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Contributor note: Updating the parties represented in the Italian and European Parliaments, as per the results of last elections, basing on the outcome of the RfC's and discussions in the Talk Page. For questions and doubts, please go to the Talk Page.

Parties represented in the Italian or European Parliament

Party Founded Ideology Leader Deputies Senators MEPs
Brothers of Italy
Fratelli d'Italia
2012 National conservatism
Right-wing populism
Giorgia Meloni
118 / 400
66 / 200
8 / 76
Lega[a] 2017 Right-wing populism
Matteo Salvini
66 / 400
28 / 200
24 / 76
Democratic Party
Partito Democratico
2007 Social democracy Enrico Letta
62 / 400
39 / 200
14 / 76
Five Star Movement
Movimento 5 Stelle
2009 Populism
Giuseppe Conte
52 / 400
28 / 200
5 / 76
Forza Italia 2013 Liberal conservatism
Christian democracy
Silvio Berlusconi
45 / 400
18 / 200
10 / 76
2019 Liberalism
Carlo Calenda
11 / 400
4 / 200
1 / 76
Italia Viva 2019 Liberalism
Social liberalism
Matteo Renzi
10 / 400
5 / 200
1 / 76
Green Europe
Europa Verde
2021 Green politics
Angelo Bonelli
Eleonora Evi
7 / 400
1 / 200
1 / 76
Italian Left
Sinistra Italiana
2017 Democratic socialism
Nicola Fratoianni
4 / 400
3 / 200
0 / 76
Article One
Articolo Uno
2017 Social democracy
Democratic socialism
Roberto Speranza
4 / 400[b]
0 / 200
0 / 76
Us with Italy
Noi con l'Italia
2017 Liberal conservatism
Christian democracy
Maurizio Lupi
3 / 400
0 / 200
0 / 76
Italy in the Centre[c]
Italia al Centro
2022 Liberal conservatism Giovanni Toti
2 / 400
0 / 200
0 / 76
More Europe[d]
2017 Liberalism
Emma Bonino
2 / 400
0 / 200
0 / 76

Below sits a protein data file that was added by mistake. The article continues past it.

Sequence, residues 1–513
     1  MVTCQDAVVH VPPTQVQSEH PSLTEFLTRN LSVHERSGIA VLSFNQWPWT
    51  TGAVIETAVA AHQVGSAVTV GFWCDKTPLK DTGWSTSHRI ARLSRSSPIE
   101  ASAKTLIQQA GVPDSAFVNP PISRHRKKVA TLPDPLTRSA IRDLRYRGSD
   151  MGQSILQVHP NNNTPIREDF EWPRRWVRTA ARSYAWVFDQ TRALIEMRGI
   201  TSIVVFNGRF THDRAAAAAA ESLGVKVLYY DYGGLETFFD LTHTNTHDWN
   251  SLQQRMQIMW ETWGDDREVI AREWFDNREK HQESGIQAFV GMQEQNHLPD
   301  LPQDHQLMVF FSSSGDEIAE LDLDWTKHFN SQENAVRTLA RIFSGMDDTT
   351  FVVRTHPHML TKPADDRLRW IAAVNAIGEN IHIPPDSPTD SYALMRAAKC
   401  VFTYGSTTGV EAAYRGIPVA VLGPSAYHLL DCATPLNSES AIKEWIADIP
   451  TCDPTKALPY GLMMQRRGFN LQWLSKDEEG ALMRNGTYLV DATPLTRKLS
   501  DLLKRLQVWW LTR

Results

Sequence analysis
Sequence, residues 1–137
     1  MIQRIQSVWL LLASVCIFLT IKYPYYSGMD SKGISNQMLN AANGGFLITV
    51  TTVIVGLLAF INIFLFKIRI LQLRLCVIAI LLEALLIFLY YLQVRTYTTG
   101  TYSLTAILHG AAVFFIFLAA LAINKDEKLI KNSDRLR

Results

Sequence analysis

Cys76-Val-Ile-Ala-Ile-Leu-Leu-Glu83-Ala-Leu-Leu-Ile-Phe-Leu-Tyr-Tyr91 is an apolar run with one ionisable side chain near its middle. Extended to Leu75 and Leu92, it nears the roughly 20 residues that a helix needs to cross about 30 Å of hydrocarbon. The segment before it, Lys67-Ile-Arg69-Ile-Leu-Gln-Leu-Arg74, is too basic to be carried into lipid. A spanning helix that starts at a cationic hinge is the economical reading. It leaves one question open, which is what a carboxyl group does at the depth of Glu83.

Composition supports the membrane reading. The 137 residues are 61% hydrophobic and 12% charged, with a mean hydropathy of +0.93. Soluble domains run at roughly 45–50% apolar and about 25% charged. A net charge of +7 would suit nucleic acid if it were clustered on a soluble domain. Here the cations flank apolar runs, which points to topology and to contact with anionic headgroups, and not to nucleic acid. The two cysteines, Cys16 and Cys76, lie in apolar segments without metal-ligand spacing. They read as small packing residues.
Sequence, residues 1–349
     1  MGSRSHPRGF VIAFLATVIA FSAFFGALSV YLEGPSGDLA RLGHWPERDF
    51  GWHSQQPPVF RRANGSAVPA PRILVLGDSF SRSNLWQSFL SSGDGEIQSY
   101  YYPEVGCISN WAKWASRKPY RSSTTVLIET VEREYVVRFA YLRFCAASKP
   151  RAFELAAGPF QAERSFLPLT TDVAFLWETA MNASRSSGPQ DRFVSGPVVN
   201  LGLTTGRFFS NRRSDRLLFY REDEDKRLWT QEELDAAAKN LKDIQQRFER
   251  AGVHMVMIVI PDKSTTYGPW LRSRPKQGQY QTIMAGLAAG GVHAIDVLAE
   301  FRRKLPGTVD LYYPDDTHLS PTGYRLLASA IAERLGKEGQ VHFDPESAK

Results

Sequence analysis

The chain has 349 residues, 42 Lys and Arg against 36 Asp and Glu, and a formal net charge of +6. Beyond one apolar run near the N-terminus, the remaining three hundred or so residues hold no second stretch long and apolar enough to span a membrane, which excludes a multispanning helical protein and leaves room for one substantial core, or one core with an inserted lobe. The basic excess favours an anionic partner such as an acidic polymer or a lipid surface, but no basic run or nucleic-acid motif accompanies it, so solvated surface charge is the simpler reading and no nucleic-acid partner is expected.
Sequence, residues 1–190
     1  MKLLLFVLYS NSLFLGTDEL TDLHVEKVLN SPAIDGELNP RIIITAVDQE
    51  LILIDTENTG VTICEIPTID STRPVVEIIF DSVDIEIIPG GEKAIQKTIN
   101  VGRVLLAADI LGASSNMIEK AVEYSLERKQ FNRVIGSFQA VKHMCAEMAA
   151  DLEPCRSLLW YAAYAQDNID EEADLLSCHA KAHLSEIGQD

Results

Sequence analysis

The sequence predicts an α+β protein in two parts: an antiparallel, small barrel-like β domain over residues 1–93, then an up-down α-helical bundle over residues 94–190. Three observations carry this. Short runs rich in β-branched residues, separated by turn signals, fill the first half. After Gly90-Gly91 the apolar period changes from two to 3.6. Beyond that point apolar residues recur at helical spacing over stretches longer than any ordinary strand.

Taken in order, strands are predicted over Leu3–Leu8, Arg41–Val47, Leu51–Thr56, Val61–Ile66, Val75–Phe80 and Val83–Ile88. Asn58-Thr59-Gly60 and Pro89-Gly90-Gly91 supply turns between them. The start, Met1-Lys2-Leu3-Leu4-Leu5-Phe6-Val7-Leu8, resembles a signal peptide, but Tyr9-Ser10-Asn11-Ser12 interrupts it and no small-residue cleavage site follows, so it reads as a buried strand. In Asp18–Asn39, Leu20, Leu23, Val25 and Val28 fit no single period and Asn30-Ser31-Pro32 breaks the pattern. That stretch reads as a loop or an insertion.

Coraggio Italia 2021 Liberal conservatism Luigi Brugnaro
1 / 400
1 / 200
0 / 76
Union of the Centre
Unione di Centro
2002 Christian democracy
Social conservatism
Lorenzo Cesa
1 / 400
1 / 200
0 / 76
Solidary Democracy
Democrazia Solidale
2014 Christian left Paolo Ciani
1 / 400[b]
0 / 200
1 / 76
Democratic Centre
Centro Democratico
2012 Christian left
Social liberalism
Bruno Tabacci
1 / 400
0 / 200
0 / 76
Green Italia 2013 Green politics Annalisa Corrado
Carmine Maturo
1 / 400[b]
0 / 200
0 / 76
New Italian Socialist Party
Nuovo Partito Socialista Italiano
2001 Social democracy
Stefano Caldoro
1 / 400[e]
0 / 200
0 / 76
Centrists for Europe
Centristi per l'Europa
2017 Christian democracy
Pier Ferdinando Casini
0 / 400
1 / 200[b]
0 / 76
Together for the Future
Insieme per il Futuro
2022 Centrism
Luigi Di Maio
0 / 400
0 / 200
2 / 76
Regional parties
South Tyrolean People's Party
Südtiroler Volkspartei
1945 Regionalism
German-speaking minority interests
Philipp Achammer
3 / 400
2 / 200
1 / 76
South calls North
Sud chiama Nord
2022 Regionalism
Cateno De Luca
1 / 400
1 / 200
0 / 76
Valdostan Union
Union Valdôtaine
1945 Regionalism
French-speaking minority interests
Cristina Machet
1 / 400
0 / 200
0 / 76
èViva 2019 Democratic socialism
Francesco Laforgia
1 / 400[b]
0 / 200
0 / 76
Sardinian Progressives
Progressisti Sardi
2017 Progressivism Massimo Zedda
1 / 400
0 / 200
0 / 76
Diventerà Bellissima 2014 Regionalism Nello Musumeci
0 / 400
1 / 200[f]
0 / 76
Overseas parties
Associative Movement of Italians Abroad
Movimento Associativo Italiani all'Estero
2008 Italians abroad interests Ricardo Antonio Merlo
1 / 400
1 / 200
0 / 76